Last night was lovely. Dinner and drinks with an old friend. But, afterwards, there were missed connections and lonely hours wandering the streets and an early retreat to my tiny sweatbox of a room where I fell asleep to the pulsing energy of a city that will never really be mine. And, instead of longing for my suburban home, I berated myself for letting my real life get so far from my dreams. If only I had moved to the city when I was younger, laid down my roots here… I’d be at home in my dreams, instead of always feeling like a hapless tourist bumbling about alone on foreign streets.
Today, I’m waking up to driving rains and more missed connections with friends and I am tired and wet and wanting both to go home right away and also to stay right here, alone, unneeded, rootless, flowering.
I resist the urge to stay in my room until it’s time for my bus… to let the blistering heat of the 1000 radiators lull me into a trance and miss my last few hours in the city.
As I walk through the rainy streets, the maroon faux fur coat thrift store treasure, which felt so glamorous last night, flops against me like a wet dog… and the dank smell rising up from it makes me wonder how faux this fur really is.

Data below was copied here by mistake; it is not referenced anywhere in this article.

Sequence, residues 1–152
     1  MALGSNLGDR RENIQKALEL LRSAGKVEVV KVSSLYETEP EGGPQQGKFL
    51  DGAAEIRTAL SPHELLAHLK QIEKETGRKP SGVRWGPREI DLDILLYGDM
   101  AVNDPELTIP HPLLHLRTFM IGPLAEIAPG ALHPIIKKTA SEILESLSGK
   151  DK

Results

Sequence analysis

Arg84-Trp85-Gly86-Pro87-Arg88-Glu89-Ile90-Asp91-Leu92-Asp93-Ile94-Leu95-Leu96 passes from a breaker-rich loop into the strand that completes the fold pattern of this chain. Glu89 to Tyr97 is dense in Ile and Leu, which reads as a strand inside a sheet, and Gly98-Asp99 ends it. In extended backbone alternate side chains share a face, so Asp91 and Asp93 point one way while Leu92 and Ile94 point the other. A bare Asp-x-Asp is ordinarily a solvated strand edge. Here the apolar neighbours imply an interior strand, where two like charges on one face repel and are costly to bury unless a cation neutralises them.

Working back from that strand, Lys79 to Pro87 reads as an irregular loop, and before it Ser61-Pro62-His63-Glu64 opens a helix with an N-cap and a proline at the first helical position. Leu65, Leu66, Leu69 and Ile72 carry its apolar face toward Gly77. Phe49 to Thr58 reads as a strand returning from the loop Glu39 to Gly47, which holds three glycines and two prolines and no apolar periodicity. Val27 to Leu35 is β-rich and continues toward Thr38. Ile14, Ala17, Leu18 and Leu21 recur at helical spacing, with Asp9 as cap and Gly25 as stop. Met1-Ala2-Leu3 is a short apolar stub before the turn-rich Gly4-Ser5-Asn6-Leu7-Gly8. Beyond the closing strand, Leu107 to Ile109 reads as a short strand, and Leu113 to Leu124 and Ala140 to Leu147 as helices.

So, I cave and buy an umbrella off the street to add to my collection. I have never once come to the city with an umbrella, but I always leave with one. The growing pile of Empire State umbrellas has become a tally of my escapes. Physical proof of my dream world’s existence.
Having nowhere in particular to go, but determined not to waste my last few hours of freedom, I trudge forward, up and down Spring Street, across Broadway, in and out of the zig-zag streets of Chinatown.
I am alone. I am in a crowd. I am alone in a crowd.
Around me people are carrying briefcases, grocery bags, backpacks. All of them busy, rushing off to very important meetings and urgent appointments. Only a fool would be wandering around in this crazy downpour for no reason.
I am a fool. I am in the rain. I am a fool in the rain.
Most people keep their heads down, their eyes focused on their phones or the puddles they are trying to avoid. But, I look forward, my eyes seeking passerbys, aching to claim some tiny spark of connection to this city of my dreams.
I trudge forward, rain drops collecting on my eyelashes and smiling lips, relinquishing any chance of looking like a cooly detached local. Not many people smile back. But I don’t take offense. It’s miserable out and they are New Yorkers after all.